Pedaling backwards in a country moving forward: A contradictory opposition


If Malaysia deserves better, it really could do without the political mess we had seen in the past few days. The Pandora Papers, the Melaka political crisis, and the tragic death of a CEO in Penang – cases which, in this day and age, should not have happened. We are a country emerging from probably the worst crisis in living memory. We don’t need backpedaling politicians.

In opposition fashion, once-in-government MPs waived the Pandora Papers on Oct 3, playing the role of supposed watchdog again. Correct, they exposed how some of the world’s rich and powerful hide their assets. True, some Malaysians implicated have links to the government. However, the opposition’s cherry-picking approach had conveniently left out the fact that among those implicated were a former treasurer of the PKR, and the chairman of the Council of Eminent Persons in-charge of advising Pakatan Harapan’s new ‘government of reform’ in 2018. If one is held accountable, all should be held accountable.

Party-hopping, which DAP has been condemning since 1978, suddenly become justified when former Melaka chief minister Datuk Seri Idris Haron, went rogue, disobeyed Barisan Nasional (BN), and helped Pakatan Melaka gain a majority in the Melaka state assembly by exploiting the infighting in the Umno-led Melaka state government. It is unthinkable that not only has Pakatan accepted the four Melakan frogs (one which was instrumental for the downfall of, not one, but two governments) after spending years condemning political frogs, but Datuk Seri Anwar Ibrahim too? I thought he was the sanest of the bunch, yet he personally went to Melaka to have a sit-down with the frogs. The only consistency we are seeing here is the hypocrisy.

On Oct 5, Datuk Ewe See Kheng — the CEO, founder and managing director of Ewein Bhd in Penang — mysteriously fell to his death from the 17th floor of a luxury apartment at 2am. Despite the Malaysian Anti-Corruption Commission (MACC) confirming that Ewe was a prosecution witness in the investigation into Lim Guan Eng’s undersea tunnel project corruption case, DAP supporters were quick to dismiss this link, insisting that the witness was depressed and committed suicide. When deputy public prosecutor Datuk Anthony Kevin Morais was found murdered in 2015, the very same people jumped at the first opportunity to draw connections to Datuk Seri Najib Razak, politicising and exploiting a terrible tragedy with little concern for the feelings of the victim’s family members.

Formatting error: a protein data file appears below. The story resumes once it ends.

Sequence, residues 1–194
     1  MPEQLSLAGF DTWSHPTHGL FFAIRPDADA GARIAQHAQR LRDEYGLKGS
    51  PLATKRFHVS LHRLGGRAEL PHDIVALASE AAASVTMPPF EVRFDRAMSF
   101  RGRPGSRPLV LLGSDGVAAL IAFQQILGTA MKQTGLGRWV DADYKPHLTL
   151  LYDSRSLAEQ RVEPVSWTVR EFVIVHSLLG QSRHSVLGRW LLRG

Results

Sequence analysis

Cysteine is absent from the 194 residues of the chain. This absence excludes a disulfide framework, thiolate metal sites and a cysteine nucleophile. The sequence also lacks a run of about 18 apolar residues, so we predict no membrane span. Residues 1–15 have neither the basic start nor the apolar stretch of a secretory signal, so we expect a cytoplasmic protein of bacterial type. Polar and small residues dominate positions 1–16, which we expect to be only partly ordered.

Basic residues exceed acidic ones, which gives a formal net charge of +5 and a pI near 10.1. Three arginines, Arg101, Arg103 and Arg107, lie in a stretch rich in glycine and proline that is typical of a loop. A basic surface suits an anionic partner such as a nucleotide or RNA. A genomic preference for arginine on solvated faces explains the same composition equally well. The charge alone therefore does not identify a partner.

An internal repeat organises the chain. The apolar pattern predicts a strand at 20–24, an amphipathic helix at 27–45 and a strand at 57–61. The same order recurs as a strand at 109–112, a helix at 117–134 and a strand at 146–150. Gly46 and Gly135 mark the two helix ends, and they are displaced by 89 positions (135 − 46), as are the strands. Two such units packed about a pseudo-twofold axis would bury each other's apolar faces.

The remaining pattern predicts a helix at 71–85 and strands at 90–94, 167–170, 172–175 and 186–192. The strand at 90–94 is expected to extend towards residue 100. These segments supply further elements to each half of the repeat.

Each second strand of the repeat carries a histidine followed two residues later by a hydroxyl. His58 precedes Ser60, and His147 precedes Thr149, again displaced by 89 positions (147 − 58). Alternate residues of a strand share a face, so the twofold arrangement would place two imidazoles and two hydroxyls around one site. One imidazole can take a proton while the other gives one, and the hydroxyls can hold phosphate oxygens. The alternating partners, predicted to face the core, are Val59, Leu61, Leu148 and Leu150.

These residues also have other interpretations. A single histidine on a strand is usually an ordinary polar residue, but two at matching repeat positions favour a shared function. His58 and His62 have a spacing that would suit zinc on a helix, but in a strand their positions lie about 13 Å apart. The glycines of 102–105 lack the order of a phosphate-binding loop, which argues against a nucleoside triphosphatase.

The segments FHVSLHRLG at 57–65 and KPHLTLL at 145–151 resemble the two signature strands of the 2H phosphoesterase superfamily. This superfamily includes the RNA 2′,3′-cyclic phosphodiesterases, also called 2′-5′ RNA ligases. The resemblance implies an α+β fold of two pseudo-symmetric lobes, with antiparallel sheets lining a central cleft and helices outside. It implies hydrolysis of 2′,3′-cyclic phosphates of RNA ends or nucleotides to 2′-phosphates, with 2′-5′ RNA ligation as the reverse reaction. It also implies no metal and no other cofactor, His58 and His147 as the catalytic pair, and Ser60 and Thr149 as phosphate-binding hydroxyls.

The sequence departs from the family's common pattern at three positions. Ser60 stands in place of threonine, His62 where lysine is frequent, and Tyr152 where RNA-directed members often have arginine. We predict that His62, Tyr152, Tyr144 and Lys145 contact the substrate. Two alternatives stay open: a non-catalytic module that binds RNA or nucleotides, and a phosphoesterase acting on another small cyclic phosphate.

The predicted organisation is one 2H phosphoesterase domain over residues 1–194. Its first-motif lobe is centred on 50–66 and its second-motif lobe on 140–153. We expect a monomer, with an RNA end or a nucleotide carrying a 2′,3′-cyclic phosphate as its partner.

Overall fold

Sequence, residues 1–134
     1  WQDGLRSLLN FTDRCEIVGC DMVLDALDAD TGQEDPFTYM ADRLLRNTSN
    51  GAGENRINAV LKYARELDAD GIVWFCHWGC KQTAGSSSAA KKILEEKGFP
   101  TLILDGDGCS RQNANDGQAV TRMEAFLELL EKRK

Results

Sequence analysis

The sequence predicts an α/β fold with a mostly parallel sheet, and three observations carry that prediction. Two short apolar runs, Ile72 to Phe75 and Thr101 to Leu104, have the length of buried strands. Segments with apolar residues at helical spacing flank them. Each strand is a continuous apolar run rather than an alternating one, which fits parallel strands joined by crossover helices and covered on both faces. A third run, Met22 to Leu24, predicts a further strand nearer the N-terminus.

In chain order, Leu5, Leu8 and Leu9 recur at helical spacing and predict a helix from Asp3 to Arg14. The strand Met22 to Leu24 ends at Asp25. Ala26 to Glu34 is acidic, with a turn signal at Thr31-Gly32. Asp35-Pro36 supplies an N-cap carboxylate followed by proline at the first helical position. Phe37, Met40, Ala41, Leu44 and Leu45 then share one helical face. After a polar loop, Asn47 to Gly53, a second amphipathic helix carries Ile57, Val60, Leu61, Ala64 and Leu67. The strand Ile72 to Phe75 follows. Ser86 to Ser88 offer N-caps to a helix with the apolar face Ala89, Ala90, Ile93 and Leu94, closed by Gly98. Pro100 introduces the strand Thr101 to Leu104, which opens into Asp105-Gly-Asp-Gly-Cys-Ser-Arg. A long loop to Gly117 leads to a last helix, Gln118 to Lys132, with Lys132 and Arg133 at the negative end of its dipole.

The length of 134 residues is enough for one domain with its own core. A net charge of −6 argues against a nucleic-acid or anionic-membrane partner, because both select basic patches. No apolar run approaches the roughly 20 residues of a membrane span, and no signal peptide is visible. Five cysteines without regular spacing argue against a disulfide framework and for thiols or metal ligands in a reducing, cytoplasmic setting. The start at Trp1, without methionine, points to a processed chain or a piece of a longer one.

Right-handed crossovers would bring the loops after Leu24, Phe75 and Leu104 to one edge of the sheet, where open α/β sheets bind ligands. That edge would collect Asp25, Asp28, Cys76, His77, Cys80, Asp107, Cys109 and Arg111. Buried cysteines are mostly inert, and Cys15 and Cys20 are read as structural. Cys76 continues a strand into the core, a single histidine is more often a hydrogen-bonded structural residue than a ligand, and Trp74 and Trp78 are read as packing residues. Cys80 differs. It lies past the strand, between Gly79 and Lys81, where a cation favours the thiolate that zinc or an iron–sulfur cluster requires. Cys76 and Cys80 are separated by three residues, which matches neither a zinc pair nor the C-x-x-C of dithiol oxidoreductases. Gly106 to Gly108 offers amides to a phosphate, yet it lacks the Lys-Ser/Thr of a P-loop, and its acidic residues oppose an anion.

This was especially personal to me. Back when I was still a young, inexperienced Federal counsel, Morais took me under his wing in the Attorney-General's Chambers and showed me the ropes. My mentor died a violent death, and it torments me to learn that, even in death, he was not left in peace. In order to discredit the premiership of Najib, his opponents came up with a wide range of wild theories about his involvement in the murder; theories which were all later disproven. In Ewe’s case, I urge the opponents of Lim to not repeat the same mistakes and sink down to that level. Allow the police to do their work, refrain from speculating, and give his family space to grieve.

These three jaw-dropping acts of hypocrisy that came within days of each other is an eye-opener to all Malaysians on how NOT to do politics. Both sides have done things they should not be proud of; both have sinned; and both no longer deserve blind, unconditional support from the people.

CHAN QUIN ER

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